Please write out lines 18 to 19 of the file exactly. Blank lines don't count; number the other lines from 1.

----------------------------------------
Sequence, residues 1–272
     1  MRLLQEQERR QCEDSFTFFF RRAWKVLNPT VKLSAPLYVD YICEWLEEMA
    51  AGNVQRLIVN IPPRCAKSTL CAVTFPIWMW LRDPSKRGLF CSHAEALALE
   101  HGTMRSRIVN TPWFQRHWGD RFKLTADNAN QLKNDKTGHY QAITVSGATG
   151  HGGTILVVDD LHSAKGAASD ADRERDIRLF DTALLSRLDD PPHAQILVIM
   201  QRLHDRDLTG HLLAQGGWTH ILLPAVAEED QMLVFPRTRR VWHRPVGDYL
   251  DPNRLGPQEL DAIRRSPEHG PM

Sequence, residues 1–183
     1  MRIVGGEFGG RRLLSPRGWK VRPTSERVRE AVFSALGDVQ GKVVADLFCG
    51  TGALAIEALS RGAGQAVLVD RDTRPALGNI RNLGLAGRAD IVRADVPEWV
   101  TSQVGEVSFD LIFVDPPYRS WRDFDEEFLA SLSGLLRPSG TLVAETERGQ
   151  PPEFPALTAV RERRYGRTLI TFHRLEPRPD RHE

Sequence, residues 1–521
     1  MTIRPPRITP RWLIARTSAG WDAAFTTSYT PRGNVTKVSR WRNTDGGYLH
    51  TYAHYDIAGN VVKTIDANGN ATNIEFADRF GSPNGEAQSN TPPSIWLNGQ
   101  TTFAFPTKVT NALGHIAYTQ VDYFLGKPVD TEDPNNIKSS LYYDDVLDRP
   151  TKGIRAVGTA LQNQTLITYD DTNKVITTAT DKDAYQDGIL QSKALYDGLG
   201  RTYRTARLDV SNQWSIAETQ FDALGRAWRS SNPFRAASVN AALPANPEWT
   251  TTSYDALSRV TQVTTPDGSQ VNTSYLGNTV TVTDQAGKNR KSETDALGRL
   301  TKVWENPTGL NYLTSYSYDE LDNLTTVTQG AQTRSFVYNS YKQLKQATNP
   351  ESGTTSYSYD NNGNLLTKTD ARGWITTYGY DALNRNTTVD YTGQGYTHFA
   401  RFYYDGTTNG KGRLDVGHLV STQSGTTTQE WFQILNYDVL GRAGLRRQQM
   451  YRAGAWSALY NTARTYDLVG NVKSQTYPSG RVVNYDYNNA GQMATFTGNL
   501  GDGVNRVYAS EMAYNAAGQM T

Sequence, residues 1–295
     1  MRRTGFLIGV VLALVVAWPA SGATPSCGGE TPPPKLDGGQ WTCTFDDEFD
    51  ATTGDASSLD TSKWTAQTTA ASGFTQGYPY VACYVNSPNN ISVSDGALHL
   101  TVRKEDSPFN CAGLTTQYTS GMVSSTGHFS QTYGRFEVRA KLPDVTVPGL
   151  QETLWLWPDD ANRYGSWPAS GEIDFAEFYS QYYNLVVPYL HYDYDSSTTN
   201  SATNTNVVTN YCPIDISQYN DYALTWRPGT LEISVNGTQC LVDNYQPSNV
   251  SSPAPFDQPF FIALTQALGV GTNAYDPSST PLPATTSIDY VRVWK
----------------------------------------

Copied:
   201  RTYRTARLDV SNQWSIAETQ FDALGRAWRS SNPFRAASVN AALPANPEWT
   251  TTSYDALSRV TQVTTPDGSQ VNTSYLGNTV TVTDQAGKNR KSETDALGRL